The ‘who’ part of the transactions is obviously essential to make sure the right people are exchanging Bitcoins, but the ‘when’ matters as well. For example, let’s say you have five hundred rupees in your bank account and you tried to buy two things worth five hundred rupees each. The bank will honour the first purchase and decline the second one as you do not have five hundred rupees for your second purchase after completing your first purchase. If the bank didn’t do that, you would be able to spend the same five hundred rupees multiple times which might sound awesome but equally terrible. Because a financial system can’t work like that. There is a check that’s built in the Bitcoin system to tackle this problem. Bitcoin network automatically will check your previous transactions to make sure you have a sufficient number of Bitcoins to send in the first place. But there is another problem with respect to timing. As there are lots of people keeping copies of the Blockchain all over the world, you won’t always receive the transaction requests in the same order because of Network delays.

Solving Math Problems

Now you got a bunch of volunteers with a bunch of different blocks to pick from, but none of them is necessarily wrong. The Bitcoin system solves this problem of delay by actually solving problems. Math problems. To add a new block of transactions to the existing Bitcoin chain, each person maintaining a ledger will have to solve a complex math problem created by a cryptographic hash function. A hash function is nothing but a complex algorithm that takes an input of any size and turns it into an output of fixed size. The hash function that Bitcoin uses is ‘SHA256’, which stands for Secure Hash Algorithm 256 bit. Computers that were specifically designed to solve SHA256 hash problems can take about 10 minutes to guess the solution to each of the problems. That means they are going through billions and billions of guesses before they get it right. The volunteer who solves the hash first gets to add the next block of transactions to the blockchain which then generates a new math problem that needs to be solved to create another block.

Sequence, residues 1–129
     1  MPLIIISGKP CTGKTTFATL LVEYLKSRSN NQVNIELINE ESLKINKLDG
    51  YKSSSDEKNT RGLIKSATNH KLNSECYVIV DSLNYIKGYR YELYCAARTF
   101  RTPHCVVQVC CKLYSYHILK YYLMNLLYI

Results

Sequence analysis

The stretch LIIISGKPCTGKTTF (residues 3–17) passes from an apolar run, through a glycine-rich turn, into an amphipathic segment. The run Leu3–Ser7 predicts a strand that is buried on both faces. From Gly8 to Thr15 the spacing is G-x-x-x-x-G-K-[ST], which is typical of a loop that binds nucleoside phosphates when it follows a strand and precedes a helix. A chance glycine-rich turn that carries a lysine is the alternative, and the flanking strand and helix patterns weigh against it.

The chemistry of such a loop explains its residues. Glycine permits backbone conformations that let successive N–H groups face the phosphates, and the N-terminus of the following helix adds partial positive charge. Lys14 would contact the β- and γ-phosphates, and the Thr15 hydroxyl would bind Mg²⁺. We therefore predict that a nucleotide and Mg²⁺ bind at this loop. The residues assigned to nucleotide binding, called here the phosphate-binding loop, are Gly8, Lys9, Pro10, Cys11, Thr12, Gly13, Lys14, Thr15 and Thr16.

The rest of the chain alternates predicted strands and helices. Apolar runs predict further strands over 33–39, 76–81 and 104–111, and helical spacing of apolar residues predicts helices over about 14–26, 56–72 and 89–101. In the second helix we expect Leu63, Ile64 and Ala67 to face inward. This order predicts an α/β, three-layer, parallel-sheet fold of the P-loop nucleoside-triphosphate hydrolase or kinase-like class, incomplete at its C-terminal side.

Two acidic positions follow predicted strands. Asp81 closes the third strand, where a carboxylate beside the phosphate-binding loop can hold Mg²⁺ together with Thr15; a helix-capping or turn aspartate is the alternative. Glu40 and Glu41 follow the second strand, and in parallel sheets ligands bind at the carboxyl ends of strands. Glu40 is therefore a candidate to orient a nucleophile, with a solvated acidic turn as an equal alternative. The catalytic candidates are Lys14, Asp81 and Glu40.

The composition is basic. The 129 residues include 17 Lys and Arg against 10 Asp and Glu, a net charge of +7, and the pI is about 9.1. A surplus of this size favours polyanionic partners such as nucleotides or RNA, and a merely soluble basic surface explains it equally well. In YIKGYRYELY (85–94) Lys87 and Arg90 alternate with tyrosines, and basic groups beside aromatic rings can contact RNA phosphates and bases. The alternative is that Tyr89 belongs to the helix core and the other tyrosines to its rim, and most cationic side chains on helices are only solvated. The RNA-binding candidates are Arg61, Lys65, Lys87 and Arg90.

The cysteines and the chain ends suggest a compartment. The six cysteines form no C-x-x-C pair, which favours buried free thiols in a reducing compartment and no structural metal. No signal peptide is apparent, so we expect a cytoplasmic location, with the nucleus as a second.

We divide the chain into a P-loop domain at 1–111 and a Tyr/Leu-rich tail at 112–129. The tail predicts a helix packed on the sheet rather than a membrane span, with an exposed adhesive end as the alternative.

If multiple volunteers make blocks roughly at the same time, the network picks one block to keep building upon, which becomes the longest, and the most trusted chain. These volunteers spend thousands of dollars on special computers which are specifically built to solve SHA256 problems. This consumes a lot of electricity, and their electricity bills go up extremely high as they keep those machines running. Bitcoin has a built-in system to reward the volunteers who are contributing to the maintenance of the blockchain. These people who keep and maintain ledgers are generally known as miners. When Bitcoins were first created in 2009, they didn’t have any value. Every single Bitcoin that exists right now was created to reward a Bitcoin miner.

Along with the big reward miners get when they add a new block of transactions, they are also tipped with a very small amount of Bitcoins for each transaction they add to the ledger. It is important to know that after every 210,000 blocks created the reward generated goes down by half. So what started as a reward of 50 Bitcoins decreased to 25 then 12.5 and 6.25 Bitcoins and keeps dropping! Currently, miners are receiving 12.5 Bitcoins for every block they add to the Bitcoin blockchain. According to planned projections, the last Bitcoin will be mined in the year 2140. This is how the Bitcoin network and the complex yet amazing system of Bitcoin works.

Next theme: Bitcoin Units & Their Importance.